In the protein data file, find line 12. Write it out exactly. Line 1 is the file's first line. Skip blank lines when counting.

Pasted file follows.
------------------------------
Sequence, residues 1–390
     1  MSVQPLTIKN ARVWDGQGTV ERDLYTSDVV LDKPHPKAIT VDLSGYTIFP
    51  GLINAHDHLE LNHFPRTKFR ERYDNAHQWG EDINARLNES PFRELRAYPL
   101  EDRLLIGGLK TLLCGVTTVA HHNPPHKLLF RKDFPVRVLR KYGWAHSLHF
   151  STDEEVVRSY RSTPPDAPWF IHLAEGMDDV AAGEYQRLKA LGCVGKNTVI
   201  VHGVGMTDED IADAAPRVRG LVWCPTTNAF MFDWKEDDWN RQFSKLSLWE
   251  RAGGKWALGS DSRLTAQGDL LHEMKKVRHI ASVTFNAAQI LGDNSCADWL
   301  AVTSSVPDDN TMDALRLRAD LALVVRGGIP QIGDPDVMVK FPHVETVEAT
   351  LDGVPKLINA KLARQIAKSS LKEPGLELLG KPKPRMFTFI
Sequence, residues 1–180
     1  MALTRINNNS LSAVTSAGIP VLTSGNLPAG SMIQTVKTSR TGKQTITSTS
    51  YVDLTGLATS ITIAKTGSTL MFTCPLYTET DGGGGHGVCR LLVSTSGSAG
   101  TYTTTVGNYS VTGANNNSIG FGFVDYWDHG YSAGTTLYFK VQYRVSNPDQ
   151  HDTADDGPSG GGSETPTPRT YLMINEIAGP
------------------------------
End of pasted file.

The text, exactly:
    51  YVDLTGLATS ITIAKTGSTL MFTCPLYTET DGGGGHGVCR LLVSTSGSAG